If one is suffering from piles, fissures, etc. one should not practise mulbandha. Those suffering from peptic ulcer should not practise uddiyan bandha. In case of cervical spondylosis one should not practise the jalandhar bandha. One should not practise postures or bandhas without the guidance of experienced teachers of Yoga as it could be harmful.

3. Mudra

3.1 Origin and meaning

Mud (मुद्‌) means to impart Bliss. This is the root from which the word mudra (मुद्रा) is derived. The word mudra has two meanings viz. a symbol (e.g. abhaymudra – the sign of protection) and an act of imparting Bliss.

‘According to the spiritual practice and sects, mudras acquire various meanings.

  • The specific configuration of hands, feet, fingers and other parts of the body is known as a mudra. For example dhenumudra (mudra of the cow), ghantamudra (mudra of the bell), bhusparshamudra (mudra of touching the ground), abhaymudra (mudra of protection), etc.
  • The symbols of the instruments of Lord Vishnu such as the conch, discus, etc. sported on their bodies by Vaishnavites are also known as mudras.
  • The glass or crystal earrings worn by ascetics (sadhus) of the Gorakh sect.
  • Those practised in Hathayoga: Bhuchari, khechari, chachari, agochari, etc.
  • In secret tantrik spiritual practice, the woman who has sexual relations with a seeker posing as the companion seeker. (In the Tantra sect other mudras are also important.)
  • Certain postures of the hands adopted in dance, drama, sculpture are known as ordinary mudras.’(4) The science of dance was created by taking words from the Rugveda, music from the Samaveda, mudras from the Yajurveda and emotion (rasa) from the Atharvaveda. In dance, dramatic representation plays a very important role. One form of that representation is the mudra.
  • Specific physical actions performed during particular rituals in ritualistic worship (karmakand).

3.2 Effects and significance

  • The mudra imparts stability just like postures.
  • The various types of mudrapranayams have effects on various parts of the lungs.
  • Due to a mudra, vital energy (pranshakti) flows through a specific channel thus increasing the effect of vital energy on oneself or others, that is Bliss is experienced. For example in abhaymudra vital energy flow is directed towards another.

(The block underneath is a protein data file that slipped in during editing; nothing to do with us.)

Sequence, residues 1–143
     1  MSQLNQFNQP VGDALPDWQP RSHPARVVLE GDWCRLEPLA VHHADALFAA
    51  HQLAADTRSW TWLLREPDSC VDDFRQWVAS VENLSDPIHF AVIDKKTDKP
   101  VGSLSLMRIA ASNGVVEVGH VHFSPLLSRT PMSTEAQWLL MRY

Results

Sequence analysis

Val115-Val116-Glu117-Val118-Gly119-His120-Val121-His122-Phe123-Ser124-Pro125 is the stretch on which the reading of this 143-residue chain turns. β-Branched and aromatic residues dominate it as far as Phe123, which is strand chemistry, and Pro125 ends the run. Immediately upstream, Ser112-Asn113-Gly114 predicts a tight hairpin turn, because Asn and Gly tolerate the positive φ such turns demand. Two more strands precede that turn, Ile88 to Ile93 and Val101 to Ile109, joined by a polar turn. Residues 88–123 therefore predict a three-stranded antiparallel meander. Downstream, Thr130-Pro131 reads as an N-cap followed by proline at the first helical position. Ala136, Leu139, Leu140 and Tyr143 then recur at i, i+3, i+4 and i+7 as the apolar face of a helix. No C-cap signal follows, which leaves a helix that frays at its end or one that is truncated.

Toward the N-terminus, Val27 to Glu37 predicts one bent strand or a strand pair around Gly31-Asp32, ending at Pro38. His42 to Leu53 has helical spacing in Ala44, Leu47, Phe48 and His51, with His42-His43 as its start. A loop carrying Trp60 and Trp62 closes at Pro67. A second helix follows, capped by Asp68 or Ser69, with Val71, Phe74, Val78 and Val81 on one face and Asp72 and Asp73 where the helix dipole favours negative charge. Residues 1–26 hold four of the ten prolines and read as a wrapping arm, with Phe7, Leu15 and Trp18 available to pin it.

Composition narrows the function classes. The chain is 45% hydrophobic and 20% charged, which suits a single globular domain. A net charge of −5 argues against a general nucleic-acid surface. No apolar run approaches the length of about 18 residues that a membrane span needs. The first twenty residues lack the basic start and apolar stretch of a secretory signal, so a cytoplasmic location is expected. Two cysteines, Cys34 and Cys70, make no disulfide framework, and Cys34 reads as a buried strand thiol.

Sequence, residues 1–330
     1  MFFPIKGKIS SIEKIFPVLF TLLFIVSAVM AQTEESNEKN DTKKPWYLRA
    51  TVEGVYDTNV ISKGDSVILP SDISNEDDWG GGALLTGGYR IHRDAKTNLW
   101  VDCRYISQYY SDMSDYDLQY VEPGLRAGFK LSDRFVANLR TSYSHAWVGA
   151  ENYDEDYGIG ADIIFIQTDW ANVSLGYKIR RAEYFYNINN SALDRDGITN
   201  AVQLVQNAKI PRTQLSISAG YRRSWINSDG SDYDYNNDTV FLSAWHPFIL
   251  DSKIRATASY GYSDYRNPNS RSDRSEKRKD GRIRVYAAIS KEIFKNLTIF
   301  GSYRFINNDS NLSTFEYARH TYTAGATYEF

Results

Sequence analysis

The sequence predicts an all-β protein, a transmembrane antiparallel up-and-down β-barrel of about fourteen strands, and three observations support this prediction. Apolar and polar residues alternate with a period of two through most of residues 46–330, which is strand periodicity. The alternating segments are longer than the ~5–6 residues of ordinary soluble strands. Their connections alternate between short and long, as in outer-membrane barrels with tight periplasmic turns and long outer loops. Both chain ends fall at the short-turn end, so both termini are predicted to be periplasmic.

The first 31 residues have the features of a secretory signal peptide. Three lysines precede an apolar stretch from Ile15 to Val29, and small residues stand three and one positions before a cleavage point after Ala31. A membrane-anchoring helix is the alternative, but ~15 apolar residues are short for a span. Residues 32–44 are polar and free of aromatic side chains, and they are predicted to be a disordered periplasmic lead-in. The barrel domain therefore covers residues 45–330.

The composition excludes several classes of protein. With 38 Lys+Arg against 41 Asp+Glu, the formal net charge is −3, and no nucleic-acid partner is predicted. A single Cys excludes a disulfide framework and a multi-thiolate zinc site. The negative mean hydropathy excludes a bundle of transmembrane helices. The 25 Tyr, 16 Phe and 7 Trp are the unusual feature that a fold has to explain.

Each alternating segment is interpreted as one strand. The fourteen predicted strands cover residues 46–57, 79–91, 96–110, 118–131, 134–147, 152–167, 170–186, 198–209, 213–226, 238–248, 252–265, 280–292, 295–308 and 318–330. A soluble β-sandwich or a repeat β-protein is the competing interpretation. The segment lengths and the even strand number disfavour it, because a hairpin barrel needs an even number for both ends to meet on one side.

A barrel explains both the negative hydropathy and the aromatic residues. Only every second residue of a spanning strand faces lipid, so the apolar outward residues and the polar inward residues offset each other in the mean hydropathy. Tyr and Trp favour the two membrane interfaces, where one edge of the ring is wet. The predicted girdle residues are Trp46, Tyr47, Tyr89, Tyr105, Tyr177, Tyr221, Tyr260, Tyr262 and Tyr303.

Those who can sense vibrations from the subtle dimension to some extent may perform the following experiment. Bring together the tips of all the five fingers of the hand and then separate them. Observe what vibrations one gets while drawing them close and separating them. Repeat this four to five times. Then hold the thumb and index finger as done by westerners when eating with a fork and spoon and release them. Repeat this four to five times. Observe what vibrations are experienced with both actions. After one is sure what vibrations were felt, read the following paragraph.

More energy is experienced when all the five finger tips are brought together than when the fingers adopt the posture of holding the fork and spoon. That is why when eating, Indians use fingers instead of a fork and spoon. Morsels of food thus charged with energy are put into the mouth; that extra energy helps in digestion.

3.3 Types

Some postures are also referred to as mudras, for example sinhamudra (mudra of a lion), Brahmamudra, viparitkarni mudra (reverse mudra). Here instead of these only the main mudras in which the mudra part is more important than the posture are discussed.

A. Mudras for physical purification

  • Yogamudra: Certain mudras are performed in some postures. They are referred to as yogamudras. Yogamudras are specially performed in order to exert pressure on the lower abdomen and thus change the direction of energy flow.
  • Mahamudra: ‘The anus is compressed with the left ankle and the right leg is extended. The big toe of the right foot is held with both the hands. The neck is contracted and the gaze fixed on the tip of the nose.’ (Gherand Sanhita 3/4)

B. Mudras associated with pranayam

  • Chit mudra
  • Chinmay mudra
  • Adi mudra
  • Brahma mudra

C. Mudras useful for meditation

  • Shanmukhi mudra: ‘Sit in a posture and spread the fingers of both hands. Shut the eyes with the index fingers, the nostrils with the middle fingers, the upper and lower lips consecutively with the fourth and little fingers and the orifices of both the ears with the thumbs. With the movement of the middle fingers close each nostril alternately and breathe as is done for nadishuddhi (purification of the channels of spiritual energy).